AISFP 305 – Karin and Patrick Weekes, Video Games (part 2)

Brent and Kristi chat with Bioware writer and editor, respectively, Patrick and Karin Weekes. They discuss how one finds himself or herself in the land of video games and the differences in working in that medium versus working on prose. For those of you who haven’t heard Kristi fangirling on the show, the Weekes have worked on the AAA Bioware video game series Mass Effect and Dragon Age (interview begins at about 29:45).

GIVEAWAY: We’ll randomly select two tweets answering the question: What is the species and sub-genre of the unscheduled visitor that made an appearance on the show? Each winner receives a set of The Palace JobThe Prophecy Con, and Masked Empire (Dragon Age), by Patrick Weekes. The giveaway ends Friday, July 3. Huge thanks to 47North and the Weekes. US/CAN only.

Last weeks winner is @Katbeth86 with her favorite Bioware characters Scout Harding and Dagna! 

The Prophecy Con: Book Two in the Rogues of the Republic series:

Who would have thought a book of naughty poems by elves could mean the difference between war and peace? But if stealing the precious volume will keep the Republic and the Empire from tearing out each other’s throats, rogue soldier Isafesira de Lochenville—“Loch” to friends and foes alike—is willing to do the dishonest honors. With her motley crew of magic-makers, law-breakers, and a talking warhammer, she’ll match wits and weapons with dutiful dwarves, mercenary knights, golems, daemons, an arrogant elf, and a sorcerous princess.

But getting their hands on the prize—while keeping their heads attached to their necks—means Loch and company must battle their way from a booby-trapped museum to a monster-infested library, and from a temple full of furious monks to a speeding train besieged by assassins. And for what? Are a few pages of bawdy verse worth waging war over? Or does something far more sinister lurk between the lines?

Timothy C Ward Scavenger EvolutionThis episode is brought to you by Scavenger: Evolution by Timothy C. Ward. A compilation of Scavenger 1-3 (Red Sands, Blue Dawn and Twin Suns). In the future, sand divers search the depths for the lost city of Danvar and the truth behind their bleak existence. Divemaster Rush hasn’t dove since he lost his infant. A job offer turns from an escape to a trap and the lure of a hardened heart to survive like anyone else would. One dive leads to another. Farther and farther from the surface, death and evolution change his world. He’ll have to change too or watch his wife rise without him.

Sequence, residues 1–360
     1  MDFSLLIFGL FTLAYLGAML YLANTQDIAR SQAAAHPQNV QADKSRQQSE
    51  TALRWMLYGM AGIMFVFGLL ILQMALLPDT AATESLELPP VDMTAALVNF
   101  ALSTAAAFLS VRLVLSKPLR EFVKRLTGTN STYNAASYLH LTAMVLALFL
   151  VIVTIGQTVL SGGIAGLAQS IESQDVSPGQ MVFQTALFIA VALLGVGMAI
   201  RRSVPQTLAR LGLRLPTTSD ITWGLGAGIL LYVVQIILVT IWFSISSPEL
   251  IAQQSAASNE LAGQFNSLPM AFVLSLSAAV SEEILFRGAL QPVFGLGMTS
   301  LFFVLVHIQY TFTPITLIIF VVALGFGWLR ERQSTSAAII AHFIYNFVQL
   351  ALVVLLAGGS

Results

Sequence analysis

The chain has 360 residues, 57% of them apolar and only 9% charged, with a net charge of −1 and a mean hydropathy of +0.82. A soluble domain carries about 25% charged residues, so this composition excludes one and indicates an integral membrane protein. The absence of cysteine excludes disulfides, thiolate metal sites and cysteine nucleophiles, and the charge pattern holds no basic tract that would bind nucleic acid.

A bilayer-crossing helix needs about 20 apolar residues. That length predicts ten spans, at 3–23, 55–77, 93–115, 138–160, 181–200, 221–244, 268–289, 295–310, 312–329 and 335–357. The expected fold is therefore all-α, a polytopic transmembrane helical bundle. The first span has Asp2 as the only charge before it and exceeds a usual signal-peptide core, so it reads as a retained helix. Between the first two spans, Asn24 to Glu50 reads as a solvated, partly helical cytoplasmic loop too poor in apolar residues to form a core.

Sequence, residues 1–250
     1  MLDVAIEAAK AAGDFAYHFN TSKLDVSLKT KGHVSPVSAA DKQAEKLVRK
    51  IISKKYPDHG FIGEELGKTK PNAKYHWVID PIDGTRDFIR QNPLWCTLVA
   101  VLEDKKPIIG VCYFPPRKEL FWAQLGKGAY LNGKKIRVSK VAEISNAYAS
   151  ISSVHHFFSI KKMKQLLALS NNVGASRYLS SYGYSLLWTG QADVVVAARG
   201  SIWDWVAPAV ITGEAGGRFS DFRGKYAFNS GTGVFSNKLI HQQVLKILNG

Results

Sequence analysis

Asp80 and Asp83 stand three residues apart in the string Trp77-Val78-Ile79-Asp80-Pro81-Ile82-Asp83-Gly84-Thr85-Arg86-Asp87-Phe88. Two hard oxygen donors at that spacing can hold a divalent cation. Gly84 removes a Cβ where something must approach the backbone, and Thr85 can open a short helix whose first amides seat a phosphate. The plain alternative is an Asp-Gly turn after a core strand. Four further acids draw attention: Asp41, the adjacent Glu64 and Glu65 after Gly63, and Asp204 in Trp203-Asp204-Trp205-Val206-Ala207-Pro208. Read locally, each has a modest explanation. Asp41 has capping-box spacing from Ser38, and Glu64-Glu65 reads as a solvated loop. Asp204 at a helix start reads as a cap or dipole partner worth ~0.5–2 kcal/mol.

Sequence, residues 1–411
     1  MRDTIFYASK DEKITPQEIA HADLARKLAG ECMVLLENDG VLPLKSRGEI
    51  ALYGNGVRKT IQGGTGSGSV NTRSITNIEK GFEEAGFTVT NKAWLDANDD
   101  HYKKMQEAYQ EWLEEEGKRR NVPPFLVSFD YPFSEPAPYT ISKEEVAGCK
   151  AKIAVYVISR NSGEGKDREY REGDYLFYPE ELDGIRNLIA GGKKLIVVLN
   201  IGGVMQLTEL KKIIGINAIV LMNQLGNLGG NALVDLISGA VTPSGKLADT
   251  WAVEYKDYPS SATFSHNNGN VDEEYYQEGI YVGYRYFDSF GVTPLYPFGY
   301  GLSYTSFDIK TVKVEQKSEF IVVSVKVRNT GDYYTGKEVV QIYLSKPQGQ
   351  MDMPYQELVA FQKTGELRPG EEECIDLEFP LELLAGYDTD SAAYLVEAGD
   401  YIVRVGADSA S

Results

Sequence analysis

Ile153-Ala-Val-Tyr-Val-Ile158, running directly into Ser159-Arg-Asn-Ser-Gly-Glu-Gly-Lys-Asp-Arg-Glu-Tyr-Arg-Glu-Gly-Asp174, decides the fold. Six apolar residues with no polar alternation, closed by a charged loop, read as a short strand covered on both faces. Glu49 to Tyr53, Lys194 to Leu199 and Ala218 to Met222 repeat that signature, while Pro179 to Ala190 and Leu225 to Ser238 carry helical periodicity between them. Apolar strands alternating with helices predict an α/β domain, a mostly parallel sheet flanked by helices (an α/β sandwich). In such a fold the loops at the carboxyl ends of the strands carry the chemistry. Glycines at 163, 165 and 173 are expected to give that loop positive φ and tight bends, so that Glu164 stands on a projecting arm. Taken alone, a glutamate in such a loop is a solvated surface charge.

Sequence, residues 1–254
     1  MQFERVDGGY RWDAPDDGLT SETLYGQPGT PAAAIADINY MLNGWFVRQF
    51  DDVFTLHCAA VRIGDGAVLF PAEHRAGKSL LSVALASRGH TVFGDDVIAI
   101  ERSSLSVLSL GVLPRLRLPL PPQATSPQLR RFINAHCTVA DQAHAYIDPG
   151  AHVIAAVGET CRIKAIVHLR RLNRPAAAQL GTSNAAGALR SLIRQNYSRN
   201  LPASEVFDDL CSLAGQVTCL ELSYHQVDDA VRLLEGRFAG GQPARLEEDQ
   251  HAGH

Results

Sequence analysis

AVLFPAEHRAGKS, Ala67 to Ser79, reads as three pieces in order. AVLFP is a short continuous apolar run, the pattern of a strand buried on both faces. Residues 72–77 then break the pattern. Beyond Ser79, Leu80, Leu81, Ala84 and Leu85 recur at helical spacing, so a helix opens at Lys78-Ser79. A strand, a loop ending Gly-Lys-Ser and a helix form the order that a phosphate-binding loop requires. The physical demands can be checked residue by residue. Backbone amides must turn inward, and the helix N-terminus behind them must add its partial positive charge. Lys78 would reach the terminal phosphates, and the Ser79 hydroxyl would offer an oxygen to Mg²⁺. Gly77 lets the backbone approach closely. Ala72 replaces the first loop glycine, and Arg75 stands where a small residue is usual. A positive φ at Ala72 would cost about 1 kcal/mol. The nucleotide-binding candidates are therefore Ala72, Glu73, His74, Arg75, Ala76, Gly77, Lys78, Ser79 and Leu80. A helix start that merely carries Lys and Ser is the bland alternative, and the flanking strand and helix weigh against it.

Inspired by Hugh Howey’s world of Sand. Written and sold with his permission. Scavenger: Evolution takes the landscape of Dune and throws in the pacing and thrills of Alien.

Available at all major online retailers in ebook and print, including signed copies direct from the author at

Make sure to follow Tim on FacebookTwitter and Goodreads.

In our Weekes interview

Before the interview, Brent and Kristi discuss the changes Amazon recently made to Kindle Unlimited payment terms for many authors and what that means in the grand scheme of publishing. At listener’s request we revisit the Irene Gallo and Tor situation briefly in relation to the James Frenkel controversy in 2013. Here are the links we promised in the show:

During the interview, Kristi and Brent chat with Patrick and Karin Weekes about:

  • What’s involved in writing/editing for AAA games.
  • The respective career paths that led them to the industry.
  • The differences in writing/editing for novels and games.
  • Writing fiction in the Mass Effect and Dragon Age universe.
  • Pioneering the romance wheel heart option in RPGs and including diverse characters in games.
  • How family beagles can interrupt a Skype interview.

Patrick and Karin are both rampant on Twitter, and you can find more about Patrick and his fiction on Goodreads and at Amazon.

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  1. To echo what Kristi says, “Woo hoo!” Fascinating interview.

    Oh, on the subject of Amazon’s new rules, given it is a bookshop AND a distributor AND a publisher, they have all the power. Distributors, as we all know, take a huge chunk of change from publishers for getting their books into shops, so I suppose this course of action must just make good sense to Amazon, as a new variant of the distribution model.

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